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Tribal tribulations

There is a divide between the adivasis and non-adivasis in Assam. The authorities can ignore this division only at the region’s peril, writes Rahul Karmakar.

india Updated: Nov 28, 2007 22:00 IST
Rahul Karmakar

A decisive moment in the Mahabharata was Draupadi’s ‘cheer-haran’. Her humiliation led to the Kurukshetra war. On Saturday, November 24, a Kurukshetra of sorts preceded a ‘cheer-haran’ on

the streets of Guwahati, the hub of a region where women are considered more equal than their counterparts elsewhere in India — unless sporadically branded as witches. The victim was a young adivasi woman being called ‘Chameli’ after the heroine of a 1970s Assamese movie about a tea estate-owner’s romance with the daughter of a plantation labourer.

Local resident Bhogiram Barman was no Lord Krishna, but he did offer his shirt to the terrified Chameli running naked on a blood-splattered street while locals clicked away

on their mobile phone cameras. Forty-eight hours later, the police unmasked three youths who had stripped the woman. Chameli had apparently been punished for the vandalism her tribespeople allegedly resorted to while demanding Scheduled Tribe status during a rally organised by the All Assam Adivasi Students’ Association (AASAA).

Tarun Gogoi’s Congress-led coalition government promptly went into damage control mode, having earlier insinuated that the AASAA had started the fight. The government apologised for the ‘barbarity’ and promised Rs 1 lakh as compensation for the trauma that Chameli underwent. Meanwhile, the police unmasked the three perpetrators while cable operators were asked to block news channels that aired Chameli’s ‘cheer-haran’. But the damage had already been done.

The Chameli incident is decisive for Assam’s multi-ethnic Mahabharata that has ‘tea politics’ as one of its major sub-plots. Saturday’s street-fight was the outcome of a mindset that treats member of the ‘tea tribe’ as outcastes, as an unwanted legacy of British planters’ policy of ‘importing’ tribal labourers from the Chhotanagpur plateau. In Planter-Raj to Swaraj, historian Amalendu Guha underscores how the ethnic card that’s played in Assam’s regional politics today is a colonial legacy. “Imperialism encouraged ethnicity to play a decisive role... Assam’s miseries followed from a system of colonialism,” he wrote. Political scientist Sanjib Baruah, in India Against Itself, writes how “the ethnic Assamese upper classes have accorded them [adivasis] low status” though historically “their inclination to speak Assamese and adopt Assamese ways has made them model immigrants”.

The 3.5 km Beltola-Dispur stretch that turned into a battlezone on Saturday is ‘upper class’ territory. Many of Assam’s top politicians, including Chief Minister Tarun Gogoi, bureaucrats, technocrats, police officials and businessmen live here. And as the opposition parties have alleged, the police and city administration were more concerned about protecting the property of these VIPS than restoring order on the streets.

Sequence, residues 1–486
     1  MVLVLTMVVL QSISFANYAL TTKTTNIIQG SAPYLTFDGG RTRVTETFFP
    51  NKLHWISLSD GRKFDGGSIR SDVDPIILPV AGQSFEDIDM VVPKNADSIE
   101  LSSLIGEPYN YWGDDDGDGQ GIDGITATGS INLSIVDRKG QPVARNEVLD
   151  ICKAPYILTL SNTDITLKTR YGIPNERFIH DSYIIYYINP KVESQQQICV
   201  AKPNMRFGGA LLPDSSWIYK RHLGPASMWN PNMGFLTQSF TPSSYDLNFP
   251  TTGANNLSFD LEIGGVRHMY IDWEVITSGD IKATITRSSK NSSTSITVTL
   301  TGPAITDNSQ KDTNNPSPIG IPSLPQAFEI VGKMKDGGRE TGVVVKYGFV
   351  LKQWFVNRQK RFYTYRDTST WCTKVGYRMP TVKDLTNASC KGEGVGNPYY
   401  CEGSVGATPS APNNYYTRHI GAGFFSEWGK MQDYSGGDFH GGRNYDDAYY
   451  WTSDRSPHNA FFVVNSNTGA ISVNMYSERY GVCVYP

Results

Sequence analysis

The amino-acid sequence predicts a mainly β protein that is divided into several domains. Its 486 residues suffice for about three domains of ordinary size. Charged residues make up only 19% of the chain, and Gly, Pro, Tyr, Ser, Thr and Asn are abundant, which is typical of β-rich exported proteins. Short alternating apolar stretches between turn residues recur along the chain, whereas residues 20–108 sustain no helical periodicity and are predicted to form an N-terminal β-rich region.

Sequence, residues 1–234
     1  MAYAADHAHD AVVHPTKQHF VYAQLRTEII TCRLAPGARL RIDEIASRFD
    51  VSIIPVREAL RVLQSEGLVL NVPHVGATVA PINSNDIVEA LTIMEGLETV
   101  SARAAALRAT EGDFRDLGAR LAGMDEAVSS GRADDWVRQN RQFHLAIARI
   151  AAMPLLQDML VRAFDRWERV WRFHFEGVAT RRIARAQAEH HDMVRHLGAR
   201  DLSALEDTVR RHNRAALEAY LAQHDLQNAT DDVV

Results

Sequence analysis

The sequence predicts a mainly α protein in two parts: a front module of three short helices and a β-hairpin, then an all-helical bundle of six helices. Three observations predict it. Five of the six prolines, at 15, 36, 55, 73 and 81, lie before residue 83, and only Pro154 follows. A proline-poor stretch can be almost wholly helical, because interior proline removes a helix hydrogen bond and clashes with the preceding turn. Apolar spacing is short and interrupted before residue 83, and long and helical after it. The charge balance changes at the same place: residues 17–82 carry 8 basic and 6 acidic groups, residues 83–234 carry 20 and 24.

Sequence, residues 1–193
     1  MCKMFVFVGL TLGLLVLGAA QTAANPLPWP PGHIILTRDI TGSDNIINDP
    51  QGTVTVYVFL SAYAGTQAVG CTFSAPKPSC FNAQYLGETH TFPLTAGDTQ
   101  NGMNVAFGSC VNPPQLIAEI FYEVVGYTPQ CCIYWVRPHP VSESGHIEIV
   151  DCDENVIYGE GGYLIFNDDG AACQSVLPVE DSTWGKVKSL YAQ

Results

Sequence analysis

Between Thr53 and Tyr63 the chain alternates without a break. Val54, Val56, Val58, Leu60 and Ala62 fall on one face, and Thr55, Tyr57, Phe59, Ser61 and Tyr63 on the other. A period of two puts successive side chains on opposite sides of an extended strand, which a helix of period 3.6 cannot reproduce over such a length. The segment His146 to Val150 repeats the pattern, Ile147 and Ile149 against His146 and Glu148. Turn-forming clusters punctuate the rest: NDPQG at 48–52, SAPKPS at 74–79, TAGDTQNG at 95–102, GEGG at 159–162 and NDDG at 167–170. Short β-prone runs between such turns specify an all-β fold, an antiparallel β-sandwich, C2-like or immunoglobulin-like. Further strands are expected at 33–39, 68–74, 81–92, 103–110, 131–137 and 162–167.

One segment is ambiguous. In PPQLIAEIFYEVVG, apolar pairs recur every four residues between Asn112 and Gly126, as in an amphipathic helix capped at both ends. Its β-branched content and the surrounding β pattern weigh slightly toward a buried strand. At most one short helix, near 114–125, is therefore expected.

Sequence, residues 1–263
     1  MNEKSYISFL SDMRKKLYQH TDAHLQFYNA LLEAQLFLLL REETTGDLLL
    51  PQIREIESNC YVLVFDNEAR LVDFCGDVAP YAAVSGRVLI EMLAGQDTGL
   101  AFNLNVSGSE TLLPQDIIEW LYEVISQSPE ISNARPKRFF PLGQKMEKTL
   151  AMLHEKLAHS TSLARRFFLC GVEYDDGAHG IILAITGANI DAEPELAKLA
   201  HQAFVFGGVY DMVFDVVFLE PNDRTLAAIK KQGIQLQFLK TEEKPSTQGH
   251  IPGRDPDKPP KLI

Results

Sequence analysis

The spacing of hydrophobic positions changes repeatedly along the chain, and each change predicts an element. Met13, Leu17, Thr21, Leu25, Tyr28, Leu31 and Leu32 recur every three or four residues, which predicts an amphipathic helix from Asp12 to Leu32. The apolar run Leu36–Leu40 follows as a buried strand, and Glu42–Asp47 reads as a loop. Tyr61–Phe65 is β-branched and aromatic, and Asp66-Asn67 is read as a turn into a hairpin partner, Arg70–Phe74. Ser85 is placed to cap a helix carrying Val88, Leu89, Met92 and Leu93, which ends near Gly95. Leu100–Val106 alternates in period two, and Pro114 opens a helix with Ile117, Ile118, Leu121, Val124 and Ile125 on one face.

“Apart from depriving the adivasis, the government now has set a price for letting the modesty of a woman be violated. This is unacceptable,” says AASAA president Justin Lakra, adding that the “war has just begun”. CDs of Chameli are already being distributed for the purpose of a ‘bigger war’. The threat of renewed agitation was aimed at Union Home Minister Shivraj Patil, who stated in Parliament that adivasis of Assam are ineligible for ST status “as they have tended to lose their tribal characteristics in the new surroundings”.

Countering Patil was Assam Labour Minister and veteran ‘tea tribe’ leader Prithibi Majhi. “Adivasis of Tripura are considered STs despite having been settled from central India. There’s no reason why adivasis of Assam cannot be granted the status. We are sending a fresh proposal to Delhi for the inclusion of Assam’s adivasis in the ST (Plains) list.” Majhi recounted how the Aman Rai Pradhani panel had recommended in 1995 the inclusion of the adivasis in the ST list. “No government in Assam ever opposed this recommendation except in 1996 when it was pointed out that a tribe associated with an industry could not technically be considered for ST status.” But granting ST status to the adivasis is easier said than done. There are five other communities with a similar demand.

Tribal organisations like AASAA know that no political party can ignore them for long. After all, the 60 lakh-strong community comprises nearly 20 per cent of the state’s population and decides the fate of 28 out of the 126 assembly constituencies. Along with migrant Muslims, the ‘tea tribes’ have traditionally been a potent vote-bank for the Congress. After the Assam agitation of 1979-1985, however, other parties, such as the Asom Gana Parishad, the BJP and the CPI(M-L) have made inroads into this community. So have militant outfits such as the NSCN (Isak-Muivah), which allegedly backs the Adivasi National Liberation Army for ‘greater designs’ on areas of Assam bordering Nagaland.

But one thing has been confirmed after Saturday’s violence: there is a divide between the adivasis and non-adivasis in Assam. The authorities can ignore this division only at the region’s peril.